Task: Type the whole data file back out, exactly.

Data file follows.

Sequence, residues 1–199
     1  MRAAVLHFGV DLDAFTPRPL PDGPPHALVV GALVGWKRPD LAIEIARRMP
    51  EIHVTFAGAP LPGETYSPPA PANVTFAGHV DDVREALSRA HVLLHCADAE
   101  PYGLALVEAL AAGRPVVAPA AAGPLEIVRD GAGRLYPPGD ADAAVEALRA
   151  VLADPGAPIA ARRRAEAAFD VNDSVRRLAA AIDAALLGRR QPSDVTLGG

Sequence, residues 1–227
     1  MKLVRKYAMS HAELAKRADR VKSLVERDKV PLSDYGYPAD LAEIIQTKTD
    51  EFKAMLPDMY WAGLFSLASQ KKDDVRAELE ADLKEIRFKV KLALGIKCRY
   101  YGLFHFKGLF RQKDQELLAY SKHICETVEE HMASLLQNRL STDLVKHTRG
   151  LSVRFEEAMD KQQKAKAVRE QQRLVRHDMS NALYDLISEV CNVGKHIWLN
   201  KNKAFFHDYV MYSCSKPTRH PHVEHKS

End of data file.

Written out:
Sequence, residues 1–199
     1  MRAAVLHFGV DLDAFTPRPL PDGPPHALVV GALVGWKRPD LAIEIARRMP
    51  EIHVTFAGAP LPGETYSPPA PANVTFAGHV DDVREALSRA HVLLHCADAE
   101  PYGLALVEAL AAGRPVVAPA AAGPLEIVRD GAGRLYPPGD ADAAVEALRA
   151  VLADPGAPIA ARRRAEAAFD VNDSVRRLAA AIDAALLGRR QPSDVTLGG

Sequence, residues 1–227
     1  MKLVRKYAMS HAELAKRADR VKSLVERDKV PLSDYGYPAD LAEIIQTKTD
    51  EFKAMLPDMY WAGLFSLASQ KKDDVRAELE ADLKEIRFKV KLALGIKCRY
   101  YGLFHFKGLF RQKDQELLAY SKHICETVEE HMASLLQNRL STDLVKHTRG
   151  LSVRFEEAMD KQQKAKAVRE QQRLVRHDMS NALYDLISEV CNVGKHIWLN
   201  KNKAFFHDYV MYSCSKPTRH PHVEHKS